One thing that bothers me in today's computers, is that pretty much everyone is sold on to object-oriented programming, but we're still doing it half-heartedly at best.
First peeve, of course, is that most projects are still using C, a terrible language which isn't really good at anything. They happily rant on about its "low-levelness" and speed, and use that as an excuse not to design a proper language that has these same properties. But this doesn't really matter for the topic at hand.
What really bugs me is not our languages, but our systems. 30 years later, we're stuck in systems based on the assumptions, metaphors and paradigms of the multics/unix family.
We're still organizing our data in artificially-hierarchical trees, with opaque byte-streams as leaves; consequently, we're still wasting hundreds of hours per project, figuring out ways to efficiently represent our data as byte-streams.
We're still running huge, monolithic "processes", with big startup costs, and which we have to keep running (wasting system resources) as long as we want to use certain features. (To be fair, this is not a multics/unix thing; unix processes were supposed to do atomic operations and be lightweight.)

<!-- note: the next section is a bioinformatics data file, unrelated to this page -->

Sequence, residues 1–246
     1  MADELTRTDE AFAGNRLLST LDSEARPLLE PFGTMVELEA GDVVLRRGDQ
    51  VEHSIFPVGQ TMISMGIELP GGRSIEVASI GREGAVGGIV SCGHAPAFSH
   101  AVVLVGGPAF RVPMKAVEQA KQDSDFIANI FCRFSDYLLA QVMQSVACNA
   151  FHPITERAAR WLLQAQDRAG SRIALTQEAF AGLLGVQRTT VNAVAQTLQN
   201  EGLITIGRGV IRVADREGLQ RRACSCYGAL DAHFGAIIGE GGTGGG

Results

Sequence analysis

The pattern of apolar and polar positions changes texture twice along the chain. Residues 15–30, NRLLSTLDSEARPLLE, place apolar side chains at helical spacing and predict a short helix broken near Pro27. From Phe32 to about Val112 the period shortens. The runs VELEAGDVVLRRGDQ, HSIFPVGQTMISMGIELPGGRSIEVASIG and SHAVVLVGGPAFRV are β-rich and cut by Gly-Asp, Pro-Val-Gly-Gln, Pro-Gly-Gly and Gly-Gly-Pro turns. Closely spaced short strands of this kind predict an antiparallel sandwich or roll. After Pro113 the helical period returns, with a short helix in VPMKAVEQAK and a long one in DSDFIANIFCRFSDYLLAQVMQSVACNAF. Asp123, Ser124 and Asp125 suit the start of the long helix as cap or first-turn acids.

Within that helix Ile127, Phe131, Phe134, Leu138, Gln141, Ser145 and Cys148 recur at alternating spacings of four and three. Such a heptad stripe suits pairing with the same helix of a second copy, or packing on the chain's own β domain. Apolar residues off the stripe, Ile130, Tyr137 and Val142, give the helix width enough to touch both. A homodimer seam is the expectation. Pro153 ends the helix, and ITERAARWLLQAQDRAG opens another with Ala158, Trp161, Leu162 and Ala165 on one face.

I'm tired of the "application". I'd rather have classes or objects. I'd rather not have "processes" hanging on, "waiting"; instead, the "normal" state of the system is to have no "processes", or a very small number of them, and lightweight, short-lived "processes" are fired up to respond to events (methods?).
Another thing that bugs me is that some people write "oop" "apps" in C, others in C++, others in java, others in C#, others in python, and these "apps" are "oop" only internally; they interact with each other and with the user in a completely non-oop way. One can't call methods on (or send messages to) another. Things like corba, .net, and vos, come to fill that void, but still in a somewhat limited way.
This is all horribly inefficient, because we have to run loops around ourselves, we have to spend a good deal of time writing these "adapters" so that our reasonably modern applications can communicate using the paleozoic interfaces we insist on sticking to. It's like living on a world where everybody has a skycar, but we are forbidden by law to take them off the ground. I feel stuck in traffic.